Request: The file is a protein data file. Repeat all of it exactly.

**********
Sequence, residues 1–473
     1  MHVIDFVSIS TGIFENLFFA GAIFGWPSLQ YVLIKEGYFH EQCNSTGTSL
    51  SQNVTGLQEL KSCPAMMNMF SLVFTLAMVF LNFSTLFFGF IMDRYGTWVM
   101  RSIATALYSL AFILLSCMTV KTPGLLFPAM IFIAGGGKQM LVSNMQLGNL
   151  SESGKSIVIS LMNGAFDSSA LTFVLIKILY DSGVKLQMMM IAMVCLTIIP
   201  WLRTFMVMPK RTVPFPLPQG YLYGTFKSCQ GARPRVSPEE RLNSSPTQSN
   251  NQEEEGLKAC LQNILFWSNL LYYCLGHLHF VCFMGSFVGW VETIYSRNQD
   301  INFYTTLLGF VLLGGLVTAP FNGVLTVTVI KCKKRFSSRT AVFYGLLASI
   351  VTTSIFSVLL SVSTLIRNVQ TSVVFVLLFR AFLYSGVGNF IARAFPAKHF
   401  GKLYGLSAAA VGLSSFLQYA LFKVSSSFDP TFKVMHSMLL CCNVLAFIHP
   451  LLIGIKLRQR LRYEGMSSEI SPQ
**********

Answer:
Sequence, residues 1–473
     1  MHVIDFVSIS TGIFENLFFA GAIFGWPSLQ YVLIKEGYFH EQCNSTGTSL
    51  SQNVTGLQEL KSCPAMMNMF SLVFTLAMVF LNFSTLFFGF IMDRYGTWVM
   101  RSIATALYSL AFILLSCMTV KTPGLLFPAM IFIAGGGKQM LVSNMQLGNL
   151  SESGKSIVIS LMNGAFDSSA LTFVLIKILY DSGVKLQMMM IAMVCLTIIP
   201  WLRTFMVMPK RTVPFPLPQG YLYGTFKSCQ GARPRVSPEE RLNSSPTQSN
   251  NQEEEGLKAC LQNILFWSNL LYYCLGHLHF VCFMGSFVGW VETIYSRNQD
   301  INFYTTLLGF VLLGGLVTAP FNGVLTVTVI KCKKRFSSRT AVFYGLLASI
   351  VTTSIFSVLL SVSTLIRNVQ TSVVFVLLFR AFLYSGVGNF IARAFPAKHF
   401  GKLYGLSAAA VGLSSFLQYA LFKVSSSFDP TFKVMHSMLL CCNVLAFIHP
   451  LLIGIKLRQR LRYEGMSSEI SPQ